Oracle_logo_2010.jpg It was announced nearly two months ago, but the ink has finally dried on the contract. Vitrue has been swallowed by Oracle as it continues to build and peruse social media capabilities that will tie into its customer experience management strategy.

Oracle, Vitrue

Terms of the deal have not been released -- much like the recent Involver acquisition -- and not a lot has changed since the deal was first announced in May, certainly not for Oracle.

For Vitrue it’s been a little bit different; no sooner had it announced that Oracle agreed to buy it out, than Oracle started stamping its print all over the website and brand name.

Not that there is a problem with that. After all it’s an Oracle company now and Oracle is perfectly entitled to stamp its mark everywhere. What Oracle hasn’t really done is explain what exactly it is going to do with Vitrue.

But it’s probably not too hard to guess as social media appears to be one of the spaces where Oracle is prepared to spend freely.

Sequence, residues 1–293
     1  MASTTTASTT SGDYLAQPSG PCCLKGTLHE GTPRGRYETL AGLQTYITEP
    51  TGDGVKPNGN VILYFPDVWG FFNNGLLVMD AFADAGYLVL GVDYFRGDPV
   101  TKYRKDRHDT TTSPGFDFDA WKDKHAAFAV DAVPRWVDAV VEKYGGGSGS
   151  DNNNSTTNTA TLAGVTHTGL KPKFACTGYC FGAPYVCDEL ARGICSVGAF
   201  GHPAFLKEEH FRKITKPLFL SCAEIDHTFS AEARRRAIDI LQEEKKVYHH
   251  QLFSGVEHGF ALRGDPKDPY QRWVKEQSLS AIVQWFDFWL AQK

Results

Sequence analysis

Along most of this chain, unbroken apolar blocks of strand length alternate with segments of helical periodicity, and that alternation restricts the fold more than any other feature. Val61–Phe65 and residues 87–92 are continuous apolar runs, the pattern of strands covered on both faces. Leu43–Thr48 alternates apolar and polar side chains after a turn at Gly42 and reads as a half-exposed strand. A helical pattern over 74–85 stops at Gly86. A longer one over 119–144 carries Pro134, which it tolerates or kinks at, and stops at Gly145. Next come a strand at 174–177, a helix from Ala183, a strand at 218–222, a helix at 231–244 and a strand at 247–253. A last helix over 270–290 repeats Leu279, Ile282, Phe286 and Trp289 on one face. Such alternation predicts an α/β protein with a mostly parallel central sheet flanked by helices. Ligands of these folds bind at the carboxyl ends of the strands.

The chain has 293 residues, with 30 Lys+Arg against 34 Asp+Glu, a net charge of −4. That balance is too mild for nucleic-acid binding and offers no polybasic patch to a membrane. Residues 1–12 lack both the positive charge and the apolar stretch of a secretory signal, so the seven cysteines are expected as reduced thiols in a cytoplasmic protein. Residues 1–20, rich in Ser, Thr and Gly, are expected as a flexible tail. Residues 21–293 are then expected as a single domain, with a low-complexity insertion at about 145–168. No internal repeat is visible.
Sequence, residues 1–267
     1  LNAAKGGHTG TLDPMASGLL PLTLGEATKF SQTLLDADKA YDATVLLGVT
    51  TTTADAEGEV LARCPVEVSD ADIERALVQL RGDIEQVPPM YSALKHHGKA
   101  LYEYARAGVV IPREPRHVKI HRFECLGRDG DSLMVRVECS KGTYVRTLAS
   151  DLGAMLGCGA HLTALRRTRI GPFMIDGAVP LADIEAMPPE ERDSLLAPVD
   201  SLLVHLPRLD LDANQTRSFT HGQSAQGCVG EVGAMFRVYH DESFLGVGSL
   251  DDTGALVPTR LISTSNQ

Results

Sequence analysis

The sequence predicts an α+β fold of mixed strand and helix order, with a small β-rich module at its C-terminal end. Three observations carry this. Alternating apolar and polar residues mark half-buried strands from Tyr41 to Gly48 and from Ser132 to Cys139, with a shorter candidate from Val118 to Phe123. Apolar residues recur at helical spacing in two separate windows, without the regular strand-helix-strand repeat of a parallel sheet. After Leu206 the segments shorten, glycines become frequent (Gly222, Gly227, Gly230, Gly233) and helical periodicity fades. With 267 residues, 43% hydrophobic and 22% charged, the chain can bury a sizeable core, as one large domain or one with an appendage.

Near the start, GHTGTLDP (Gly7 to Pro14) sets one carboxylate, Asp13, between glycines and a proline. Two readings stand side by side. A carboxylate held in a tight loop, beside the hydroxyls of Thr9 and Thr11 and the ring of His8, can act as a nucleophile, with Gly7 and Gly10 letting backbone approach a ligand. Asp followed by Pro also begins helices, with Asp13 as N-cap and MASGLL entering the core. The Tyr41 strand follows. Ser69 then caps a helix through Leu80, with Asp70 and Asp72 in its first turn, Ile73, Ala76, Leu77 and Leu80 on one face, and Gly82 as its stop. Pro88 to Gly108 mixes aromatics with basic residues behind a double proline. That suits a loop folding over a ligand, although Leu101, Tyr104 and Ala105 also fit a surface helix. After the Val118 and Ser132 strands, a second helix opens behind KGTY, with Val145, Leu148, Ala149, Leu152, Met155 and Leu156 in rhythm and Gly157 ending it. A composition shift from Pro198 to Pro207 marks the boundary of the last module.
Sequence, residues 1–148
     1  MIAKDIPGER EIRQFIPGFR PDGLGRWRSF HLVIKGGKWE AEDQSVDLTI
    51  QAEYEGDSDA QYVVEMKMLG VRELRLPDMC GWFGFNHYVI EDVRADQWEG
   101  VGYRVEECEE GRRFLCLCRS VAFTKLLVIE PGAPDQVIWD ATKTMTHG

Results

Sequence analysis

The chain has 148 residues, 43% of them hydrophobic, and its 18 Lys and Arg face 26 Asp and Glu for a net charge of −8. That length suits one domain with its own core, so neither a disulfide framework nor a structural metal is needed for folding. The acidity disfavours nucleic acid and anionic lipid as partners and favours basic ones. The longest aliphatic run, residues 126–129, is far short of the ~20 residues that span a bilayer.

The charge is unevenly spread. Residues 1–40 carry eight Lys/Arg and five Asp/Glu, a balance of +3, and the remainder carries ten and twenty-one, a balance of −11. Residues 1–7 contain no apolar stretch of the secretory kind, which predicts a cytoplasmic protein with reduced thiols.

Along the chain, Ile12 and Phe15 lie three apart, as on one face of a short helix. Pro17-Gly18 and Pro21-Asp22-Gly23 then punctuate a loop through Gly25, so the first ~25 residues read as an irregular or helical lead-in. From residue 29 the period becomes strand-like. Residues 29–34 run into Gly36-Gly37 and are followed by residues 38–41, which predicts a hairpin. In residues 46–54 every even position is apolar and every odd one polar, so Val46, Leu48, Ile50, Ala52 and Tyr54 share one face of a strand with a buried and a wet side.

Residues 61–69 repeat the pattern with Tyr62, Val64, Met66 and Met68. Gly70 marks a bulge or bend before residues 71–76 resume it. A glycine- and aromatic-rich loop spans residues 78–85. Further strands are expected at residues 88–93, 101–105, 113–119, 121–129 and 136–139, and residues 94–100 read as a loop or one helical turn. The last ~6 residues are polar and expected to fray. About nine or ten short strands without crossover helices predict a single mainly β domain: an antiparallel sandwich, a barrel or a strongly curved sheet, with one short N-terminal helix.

In the original statement about the acquisition, Oracle said that it would be using Vitrue to take Oracle’s social engagement strategy to a new level by giving brands the ability to scale across social networks, push marketing messages from global to local, and create unique brand experiences across networks.

Which is all very nice, and fits in well with the recent Involver acquisition and the Collective Intellect too:

Together, Oracle and Vitrue plan to enable a unified social experience across customer interactions, resulting in meaningful customer engagements with consistent brand experiences across all channels and media, “ the statement adds.

Oracle’s Social, CXM

And so continues Oracle’s social media strategy, which feeds into a much more significant strategy -- for Oracle, that is -- of developing its customer experience management functionality.

Earlier this week, in the Forrester Wave for CRM Q3 2012, we saw that this was beginning to pay off handsomely for Oracle and is likely to continue to do so in the coming years with four of its customer experience products in the Wave and two in the Leaders segment of the Wave.

If Oracle is feeling that its social strategy in this context is a bit tired, then it is only in relation to Salesforce's strong social abilities in the cloud. In that respect, it’s still trailing.

There is another problem that Forrester identified in the Oracle strategy that suggested customers are beginning to show signs of confusion about the Oracle portfolio, some expressing concern about the level of investment in acquired technologies as Oracle keeps expanding.

This will undoubtedly be one of the major challenges facing Oracle in this space in the coming months, so let’s wait it out and see where it goes.